These claims by outsiders to (and in some instances, adversary critics of) the intelligence community are significantly more credible and legitimizing than when the community itself makes the same sorts of claim.
Third, the main criticisms of the NSA ended up having silver linings. It emerged from the Snowden documents (and further voluntary releases by the government) that the NSA sometimes had problems complying with judicial orders, usually because of the difficulty of meshing legal directives with extraordinarily complex technical collection processes.
And yet these embarrassments also showed that the Foreign Intelligence Surveillance Court that monitors the NSA in secret was not, as many claimed, a rubber stamp. It was, instead, an important independent check on NSA activities.
As a result of Snowden, the FISA court is a much more credible institution that can and in the future will be relied upon more thoroughly to monitor expanded NSA activities in secret.
Another criticism of the NSA was that its aggressive collection processes abroad did not consider the rights and interests of foreign individuals and firms. The main response was Presidential Policy Directive 28, which imposed restraints on collection abroad in the interests of non–U.S. citizens.
PPD 28 does not have sharp teeth and, while it has reportedly been a pain to implement, it will probably not have a material impact on U.S. collection practices. Like many post-Snowden reforms, it imposes process and oversight constraints and forces the NSA to be more prudent in its collection practices.
PPD 28 (along with the Judicial Redress Act, which extended Privacy Act protections to foreign citizens) has the side benefit that the United States can now proudly and truthfully claim to have the most robust protections for noncitizens of any signals collection agency in the world.
Fourth, and perhaps most surprising, the intelligence community has been able to maintain and strengthen the legal authorities for its collection practices. The bulk telephone metadata program was legally and on the merits the most controversial program that Snowden revealed, and the one that the NSA seemed least interested in preserving.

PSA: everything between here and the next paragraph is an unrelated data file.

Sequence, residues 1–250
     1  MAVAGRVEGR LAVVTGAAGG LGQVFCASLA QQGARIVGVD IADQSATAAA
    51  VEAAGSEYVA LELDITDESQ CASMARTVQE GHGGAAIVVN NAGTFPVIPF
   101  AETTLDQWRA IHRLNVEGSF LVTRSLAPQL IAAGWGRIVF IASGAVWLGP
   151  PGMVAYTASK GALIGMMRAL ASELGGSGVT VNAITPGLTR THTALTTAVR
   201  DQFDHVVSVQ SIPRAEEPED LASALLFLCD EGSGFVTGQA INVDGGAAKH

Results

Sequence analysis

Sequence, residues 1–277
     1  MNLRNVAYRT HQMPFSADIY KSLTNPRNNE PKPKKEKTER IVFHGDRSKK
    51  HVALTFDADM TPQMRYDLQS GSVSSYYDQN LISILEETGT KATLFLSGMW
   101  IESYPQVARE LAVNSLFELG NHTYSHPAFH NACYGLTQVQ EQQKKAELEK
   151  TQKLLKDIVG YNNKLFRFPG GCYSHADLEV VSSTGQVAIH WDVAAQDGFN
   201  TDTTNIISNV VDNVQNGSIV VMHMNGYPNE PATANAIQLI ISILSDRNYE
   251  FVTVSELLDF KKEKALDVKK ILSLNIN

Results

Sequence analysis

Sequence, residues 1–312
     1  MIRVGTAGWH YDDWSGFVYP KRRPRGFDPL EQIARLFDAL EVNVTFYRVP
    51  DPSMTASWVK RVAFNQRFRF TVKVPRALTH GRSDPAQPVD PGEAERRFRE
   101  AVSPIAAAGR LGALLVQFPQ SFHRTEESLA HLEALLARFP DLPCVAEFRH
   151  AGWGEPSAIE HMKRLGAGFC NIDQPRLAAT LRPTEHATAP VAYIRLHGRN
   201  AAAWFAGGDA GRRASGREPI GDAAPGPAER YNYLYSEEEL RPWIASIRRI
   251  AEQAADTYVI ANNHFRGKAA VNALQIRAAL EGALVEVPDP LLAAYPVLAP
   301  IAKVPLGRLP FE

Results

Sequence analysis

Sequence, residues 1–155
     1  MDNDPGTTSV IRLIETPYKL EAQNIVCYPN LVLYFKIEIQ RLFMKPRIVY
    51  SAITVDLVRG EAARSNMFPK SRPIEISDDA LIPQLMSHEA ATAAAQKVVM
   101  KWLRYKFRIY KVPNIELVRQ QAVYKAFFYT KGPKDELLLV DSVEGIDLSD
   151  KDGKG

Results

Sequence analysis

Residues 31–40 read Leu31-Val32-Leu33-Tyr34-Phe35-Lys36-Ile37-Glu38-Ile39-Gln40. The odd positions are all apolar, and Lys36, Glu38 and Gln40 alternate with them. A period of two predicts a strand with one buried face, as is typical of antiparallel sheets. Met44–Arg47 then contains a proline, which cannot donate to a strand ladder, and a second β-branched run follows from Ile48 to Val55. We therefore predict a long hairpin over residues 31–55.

The USA Freedom Act made some important reforms to this program—most notably, by replacing NSA collection and storage of the metadata with carrier storage of the data and by requiring more-limited NSA querying of the data pursuant to court approval.
And yet the NSA has ended up in a stronger position as a result. It gets access to “a greater volume of call records” than before, according to the NSA general counsel, and probably at a lower cost, since it no longer needs to store and organize the massive quantities of data.
And even more important, the program has now been vetted publicly and expressly baked into the legal system, giving it a legitimacy and almost certainly a longevity that it never could have achieved in secret.
The improbable preservation and strengthening of the bulk telephone metadata program—the least valuable and hardest to justify of the programs that Snowden revealed—is emblematic of the types of changes Snowden wrought.
Strong and Sound
Few if any important intelligence collection programs have ended because of Snowden, and the USA Freedom Act reforms actually expanded some intelligence community authorities. The intelligence community has had to subject itself to more scrutiny and process checks, and it has had to trim its sails a bit to make its practices more proportional to the ends it seeks.
But the transparency resulted in public debates that concluded that the NSA practices were worth preserving overall. From the baseline of what almost everyone expected when the scale of Snowden’s revelations first became apparent, the intelligence community and especially the NSA have emerged in astonishingly good shape.
The NSA is still very much in the business of aggressive signals intelligence around the globe. Its domestic legal authorities are sounder. Its value is more apparent to the American public. It is much more adept at public diplomacy. And its central and expanding role going forward—not just for signals intelligence collection, but for cybersecurity and offensive cyberoperations—is secure.
These are but some of the public services for which the U.S. government has Snowden to thank.
Jack Goldsmith is a senior fellow at the Hoover Institution and the Henry L. Shattuck professor of law at Harvard University. From 2003 to 2004, he served as the assistant attorney general, Office of Legal Counsel. From 2002 to 2003, he served as the special counsel to the general counsel of the Department of Defense.
Reprinted by permission of Lawfare, a project of the Harvard Law School/Brookings Project on Law and Security. © 2016 The Lawfare Institute. All rights reserved.